Translate Page

Mental health problems are global, with young people especially vulnerable

Children are particularly vulnerable to post-traumatic stress disorder (PTSD), as their trauma often lasts long after a conflict has ended, says Ambassador Geert Muylle, permanent representative of Belgium to the UN in Geneva.

Muylle, vice president of the UN Human Rights Council, was speaking at a 5 October World Mental Health Day event titled, "International campaign: breaking the chains of stigma in mental health; restoring human dignity for persons with mental illness."

The event was held at the Ecumenical Center in Geneva and sponsored by Frascarita International, the World Health Organization (WHO), the World Council of Churches (WCC), the Fondation d'Harcourt and the Belgium government.

"Mental health disorders are a global development issue," said the ambassador. "It is estimated that 10 percent of the world's population, including 20 percent of children and adolescents, suffer from some sort of mental disorder."

"Young people, who represent our world's future, are especially at risk of a whole range of mental-health conditions as they transition from childhood to adulthood."

He said although mental health disorders affect both high- and low-resource countries they are particularly critical in settings of conflict and violence.

Dainius Pūras, the UN special rapporteur on the right to health, said concerns remain about misuse and abuse of psychiatry that have different historical legacies in regions and sub-regions.

Pūras noted, "An unacceptably high number of children and adults with intellectual and psychosocial disabilities are living in large residential institutions."

Prof. Dr Isabel Apawo Phiri, WCC associate general secretary, said, "The faith communities and institutions stay with and accompany the communities through thick and thin. They have done so, through the centuries."

She stressed that the work of churches and faith communities is vital, whether it is to support communities facing natural disasters, rebuilding after conflicts, or preventing and coping with violence.

"The WCC and its ecumenical partners have historically and currently are committed to serve the mental wellbeing of the people and communities regardless of their religion," said Phiri.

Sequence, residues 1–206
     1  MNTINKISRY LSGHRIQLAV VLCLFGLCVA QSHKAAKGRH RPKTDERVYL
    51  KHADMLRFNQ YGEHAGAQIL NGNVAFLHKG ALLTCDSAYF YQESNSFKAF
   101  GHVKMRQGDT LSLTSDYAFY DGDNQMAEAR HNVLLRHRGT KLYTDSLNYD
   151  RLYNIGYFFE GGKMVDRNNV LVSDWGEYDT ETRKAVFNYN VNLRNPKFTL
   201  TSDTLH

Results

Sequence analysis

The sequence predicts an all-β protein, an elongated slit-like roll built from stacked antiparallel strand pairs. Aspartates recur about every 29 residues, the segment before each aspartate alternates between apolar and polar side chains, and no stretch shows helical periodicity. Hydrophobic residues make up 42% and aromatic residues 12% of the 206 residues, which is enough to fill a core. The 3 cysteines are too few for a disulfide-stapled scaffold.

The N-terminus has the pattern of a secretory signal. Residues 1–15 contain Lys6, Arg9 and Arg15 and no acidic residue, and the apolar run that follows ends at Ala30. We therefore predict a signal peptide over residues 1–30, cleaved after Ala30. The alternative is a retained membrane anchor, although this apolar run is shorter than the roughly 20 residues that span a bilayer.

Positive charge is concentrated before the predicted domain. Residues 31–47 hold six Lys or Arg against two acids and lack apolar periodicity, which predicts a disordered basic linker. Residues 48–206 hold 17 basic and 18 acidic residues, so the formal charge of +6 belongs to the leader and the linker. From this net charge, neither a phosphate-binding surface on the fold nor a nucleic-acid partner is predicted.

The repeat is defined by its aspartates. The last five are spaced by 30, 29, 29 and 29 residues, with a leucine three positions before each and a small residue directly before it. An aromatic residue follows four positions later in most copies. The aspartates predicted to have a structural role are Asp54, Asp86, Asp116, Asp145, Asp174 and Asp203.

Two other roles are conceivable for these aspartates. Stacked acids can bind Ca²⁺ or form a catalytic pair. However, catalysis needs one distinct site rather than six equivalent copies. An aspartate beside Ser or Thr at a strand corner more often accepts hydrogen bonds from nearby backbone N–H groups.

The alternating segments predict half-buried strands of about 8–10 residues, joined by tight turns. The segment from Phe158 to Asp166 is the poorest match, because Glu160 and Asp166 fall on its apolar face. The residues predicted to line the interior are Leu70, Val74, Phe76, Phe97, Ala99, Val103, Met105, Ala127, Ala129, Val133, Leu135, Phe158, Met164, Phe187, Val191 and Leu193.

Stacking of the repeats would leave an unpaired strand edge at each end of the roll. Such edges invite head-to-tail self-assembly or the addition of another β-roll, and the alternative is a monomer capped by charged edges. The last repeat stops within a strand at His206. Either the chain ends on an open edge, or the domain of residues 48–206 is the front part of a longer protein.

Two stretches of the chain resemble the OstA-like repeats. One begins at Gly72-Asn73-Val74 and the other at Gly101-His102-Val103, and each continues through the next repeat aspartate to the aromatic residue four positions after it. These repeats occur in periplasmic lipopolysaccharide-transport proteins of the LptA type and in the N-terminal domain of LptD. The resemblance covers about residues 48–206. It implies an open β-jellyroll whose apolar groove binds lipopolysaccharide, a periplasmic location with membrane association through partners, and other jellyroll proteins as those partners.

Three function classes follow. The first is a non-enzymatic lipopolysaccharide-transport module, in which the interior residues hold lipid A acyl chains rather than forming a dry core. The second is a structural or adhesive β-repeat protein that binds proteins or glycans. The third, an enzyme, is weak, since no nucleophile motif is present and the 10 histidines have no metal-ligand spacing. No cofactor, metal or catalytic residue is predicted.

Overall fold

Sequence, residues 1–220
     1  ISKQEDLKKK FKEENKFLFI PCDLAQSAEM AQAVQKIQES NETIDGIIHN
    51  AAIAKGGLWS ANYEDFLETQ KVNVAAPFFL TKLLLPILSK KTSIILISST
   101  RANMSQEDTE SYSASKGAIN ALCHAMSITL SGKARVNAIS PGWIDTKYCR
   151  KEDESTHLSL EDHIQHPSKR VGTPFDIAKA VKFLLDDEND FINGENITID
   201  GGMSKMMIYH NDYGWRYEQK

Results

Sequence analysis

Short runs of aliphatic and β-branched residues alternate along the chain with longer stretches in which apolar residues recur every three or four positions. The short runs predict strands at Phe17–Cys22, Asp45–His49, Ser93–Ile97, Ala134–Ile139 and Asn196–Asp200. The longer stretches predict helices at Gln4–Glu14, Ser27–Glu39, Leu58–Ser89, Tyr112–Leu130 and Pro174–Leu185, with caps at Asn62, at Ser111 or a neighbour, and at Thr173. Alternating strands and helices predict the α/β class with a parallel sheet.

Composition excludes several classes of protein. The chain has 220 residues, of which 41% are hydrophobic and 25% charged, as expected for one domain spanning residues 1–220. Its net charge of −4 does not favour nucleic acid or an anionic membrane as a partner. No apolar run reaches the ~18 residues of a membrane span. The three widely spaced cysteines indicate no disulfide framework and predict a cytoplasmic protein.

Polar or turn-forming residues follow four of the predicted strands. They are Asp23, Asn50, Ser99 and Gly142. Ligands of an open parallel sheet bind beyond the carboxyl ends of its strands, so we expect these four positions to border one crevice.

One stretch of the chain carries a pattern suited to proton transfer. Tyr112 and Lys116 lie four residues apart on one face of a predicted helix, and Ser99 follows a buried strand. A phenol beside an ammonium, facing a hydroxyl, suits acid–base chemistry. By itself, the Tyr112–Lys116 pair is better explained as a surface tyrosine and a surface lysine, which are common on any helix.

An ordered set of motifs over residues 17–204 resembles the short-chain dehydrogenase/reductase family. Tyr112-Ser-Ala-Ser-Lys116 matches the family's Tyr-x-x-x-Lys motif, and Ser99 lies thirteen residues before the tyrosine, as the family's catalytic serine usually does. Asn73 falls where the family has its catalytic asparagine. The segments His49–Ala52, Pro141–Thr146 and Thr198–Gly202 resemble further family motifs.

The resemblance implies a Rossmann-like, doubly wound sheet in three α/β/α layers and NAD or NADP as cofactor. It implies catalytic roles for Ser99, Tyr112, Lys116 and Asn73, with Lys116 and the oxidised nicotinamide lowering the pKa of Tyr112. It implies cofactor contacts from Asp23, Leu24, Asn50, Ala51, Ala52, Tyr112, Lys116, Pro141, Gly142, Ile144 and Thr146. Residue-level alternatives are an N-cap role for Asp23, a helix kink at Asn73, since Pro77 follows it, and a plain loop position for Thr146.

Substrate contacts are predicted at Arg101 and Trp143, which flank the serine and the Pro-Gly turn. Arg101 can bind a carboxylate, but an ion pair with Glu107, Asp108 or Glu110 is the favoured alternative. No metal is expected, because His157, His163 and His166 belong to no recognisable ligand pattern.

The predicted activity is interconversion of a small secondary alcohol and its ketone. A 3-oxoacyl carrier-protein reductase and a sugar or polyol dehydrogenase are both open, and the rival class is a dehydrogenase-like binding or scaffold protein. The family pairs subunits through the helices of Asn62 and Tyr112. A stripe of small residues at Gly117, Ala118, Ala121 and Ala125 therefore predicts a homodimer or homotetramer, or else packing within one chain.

"In addition to the community-level accompaniment of the people in need, our members and our healthcare networks provide a substantial proportion of the healthcare needs in the neediest parts of the world," she said.

Dr René Stockman, general superior of the Brothers of Charity and president of Fracarita International, detailed how the brothers have pioneered in the field of mental health since 1815. That was when, "the first Brothers of Charity 'broke the chains' of the psychiatric patients who were imprisoned" in Ghent.

They started in Belgium with mental health services and now the Brothers of Charity are in 30 countries with more than 150 projects in the field of mental health, education and disability care.

"Breaking the chains remains our task…breaking the chains of iron, but also the chains of stigmatization, the chains of exclusion and discrimination, the chains of all kinds of addiction," says Stockman.

World Council of Churches website

One of seven apportioned giving opportunities of The United Methodist Church, the Interdenominational Cooperation Fund enables United Methodists to share a presence and a voice in the activities of several national and worldwide ecumenical organizations. Please encourage your leaders and congregations to support the Interdenominational Cooperation Fund apportionment at 100 percent.